Soviet Union. We have already been able to publish five volumes, an average of one every six months.
4. A distinguishing feature of  the published volumes of  Interesting Stories… is that they 
are  devoted  to  practical  and  scientific  problems  in  the  fight  against  plague.  The  articles  in 
Interesting Stories… are primarily of  two types; in-depth reviews of  vital topics and stories about 
outstanding people of  the AP system. The reviews are rather high-level scientific writing for 
readers with a certain degree of  professional training. The best of  the non-scientific, anecdotal 
stories go beyond mere praise and positive assessments of  their subjects. […]
7. Given the demands of  the times through which we are living, we decided to slightly alter 
the profile of  Interesting Stories… and devote more space to original articles on the fundamental 
problems of  science, as well as expand the subject range beyond plague to include other high-
risk infections, too.
Socialism or a Just Society
Moisey Iosifovich Levi (posthumous) (pp. 116-37). 15 photographs.
This chapter consists of  a sociological essay that argues that societal development can and should be measured with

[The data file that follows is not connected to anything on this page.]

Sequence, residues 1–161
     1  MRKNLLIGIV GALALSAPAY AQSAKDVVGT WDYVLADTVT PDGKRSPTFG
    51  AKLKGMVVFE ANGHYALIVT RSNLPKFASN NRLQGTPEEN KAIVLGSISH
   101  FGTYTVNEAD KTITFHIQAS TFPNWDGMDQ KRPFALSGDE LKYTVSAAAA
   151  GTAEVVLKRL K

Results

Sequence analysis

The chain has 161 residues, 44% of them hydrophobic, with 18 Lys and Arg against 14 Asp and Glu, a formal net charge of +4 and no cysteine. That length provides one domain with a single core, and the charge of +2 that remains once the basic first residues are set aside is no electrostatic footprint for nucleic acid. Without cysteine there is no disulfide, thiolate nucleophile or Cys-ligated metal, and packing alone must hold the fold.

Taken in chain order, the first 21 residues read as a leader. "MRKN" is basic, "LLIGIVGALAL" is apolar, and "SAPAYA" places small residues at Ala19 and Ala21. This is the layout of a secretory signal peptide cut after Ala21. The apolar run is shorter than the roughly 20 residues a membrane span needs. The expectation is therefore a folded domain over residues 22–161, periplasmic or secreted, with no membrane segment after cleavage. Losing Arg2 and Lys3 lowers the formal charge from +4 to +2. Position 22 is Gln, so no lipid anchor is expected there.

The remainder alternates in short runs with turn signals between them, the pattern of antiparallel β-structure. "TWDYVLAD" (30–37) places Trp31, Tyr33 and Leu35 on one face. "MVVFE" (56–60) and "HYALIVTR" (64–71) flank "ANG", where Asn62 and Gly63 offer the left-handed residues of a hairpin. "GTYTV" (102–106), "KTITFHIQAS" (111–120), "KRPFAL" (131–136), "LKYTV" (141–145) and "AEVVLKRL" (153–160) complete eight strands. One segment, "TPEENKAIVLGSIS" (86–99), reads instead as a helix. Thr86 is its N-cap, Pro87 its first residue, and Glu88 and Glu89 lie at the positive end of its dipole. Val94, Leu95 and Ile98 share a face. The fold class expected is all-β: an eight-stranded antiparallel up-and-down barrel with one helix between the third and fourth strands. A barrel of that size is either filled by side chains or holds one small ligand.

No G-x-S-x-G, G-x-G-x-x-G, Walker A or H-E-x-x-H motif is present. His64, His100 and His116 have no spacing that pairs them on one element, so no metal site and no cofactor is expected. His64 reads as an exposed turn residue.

social indicators rather than defined within the constraints of  a given ideology. Levi examines Soviet history and the 
transition to Russian democracy, as well as draws comparisons with social development in the United States. He posits 
that measuring social progress is an important work of  science that must be undertaken if  societies are to be conscious 
of  the reality of  their state, rather than trust in the accuracy of  ideology or faith.
Abridged translation:
Social scientists proceed from the entirely reasonable assumption that social structure is 
affected not only by changes in natural forces (population changes, migration, natural disasters, 
exhaustion of  nonrenewable natural resources, etc.), but also by conscious activity (philosophy, 
ideology, propaganda, politics, management of  the economy, etc.). One would like to believe 
that the determining factor is the conscious activity, and if  it is so, then the task of  outlining 
and formulating the goals of  social progress is one of  the most important areas of  political 
philosophy. If  these goals are acknowledged to be fundamentally unachievable, then they are 
called utopia (perpetual motion, for example), but those other [achievable] goals become the 
subjects of  heated arguments. In exactly the same way that morality dates back to the time of  
Moses’s tablets, the origin of  the concept of  social justice is lost in the depths of  centuries 
past. It is entirely understandable why new historians strive to differentiate the concepts 
of  social justice and social utopia. The present article is about defining the goals of  social